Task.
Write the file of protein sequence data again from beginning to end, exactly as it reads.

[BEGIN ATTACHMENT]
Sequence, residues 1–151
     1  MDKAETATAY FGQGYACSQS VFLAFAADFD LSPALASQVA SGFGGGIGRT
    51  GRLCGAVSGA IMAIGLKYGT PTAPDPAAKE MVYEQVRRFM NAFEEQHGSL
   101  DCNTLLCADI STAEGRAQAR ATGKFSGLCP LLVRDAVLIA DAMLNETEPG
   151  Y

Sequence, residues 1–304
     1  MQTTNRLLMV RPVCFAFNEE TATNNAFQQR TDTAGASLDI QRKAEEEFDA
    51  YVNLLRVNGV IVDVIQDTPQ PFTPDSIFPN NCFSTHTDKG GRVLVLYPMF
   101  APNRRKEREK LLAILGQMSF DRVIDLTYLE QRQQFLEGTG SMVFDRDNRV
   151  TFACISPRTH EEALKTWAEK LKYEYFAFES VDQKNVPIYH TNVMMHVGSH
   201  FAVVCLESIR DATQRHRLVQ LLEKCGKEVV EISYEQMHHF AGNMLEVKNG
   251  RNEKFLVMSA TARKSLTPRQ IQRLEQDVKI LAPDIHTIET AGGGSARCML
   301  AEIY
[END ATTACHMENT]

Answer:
Sequence, residues 1–151
     1  MDKAETATAY FGQGYACSQS VFLAFAADFD LSPALASQVA SGFGGGIGRT
    51  GRLCGAVSGA IMAIGLKYGT PTAPDPAAKE MVYEQVRRFM NAFEEQHGSL
   101  DCNTLLCADI STAEGRAQAR ATGKFSGLCP LLVRDAVLIA DAMLNETEPG
   151  Y

Sequence, residues 1–304
     1  MQTTNRLLMV RPVCFAFNEE TATNNAFQQR TDTAGASLDI QRKAEEEFDA
    51  YVNLLRVNGV IVDVIQDTPQ PFTPDSIFPN NCFSTHTDKG GRVLVLYPMF
   101  APNRRKEREK LLAILGQMSF DRVIDLTYLE QRQQFLEGTG SMVFDRDNRV
   151  TFACISPRTH EEALKTWAEK LKYEYFAFES VDQKNVPIYH TNVMMHVGSH
   201  FAVVCLESIR DATQRHRLVQ LLEKCGKEVV EISYEQMHHF AGNMLEVKNG
   251  RNEKFLVMSA TARKSLTPRQ IQRLEQDVKI LAPDIHTIET AGGGSARCML
   301  AEIY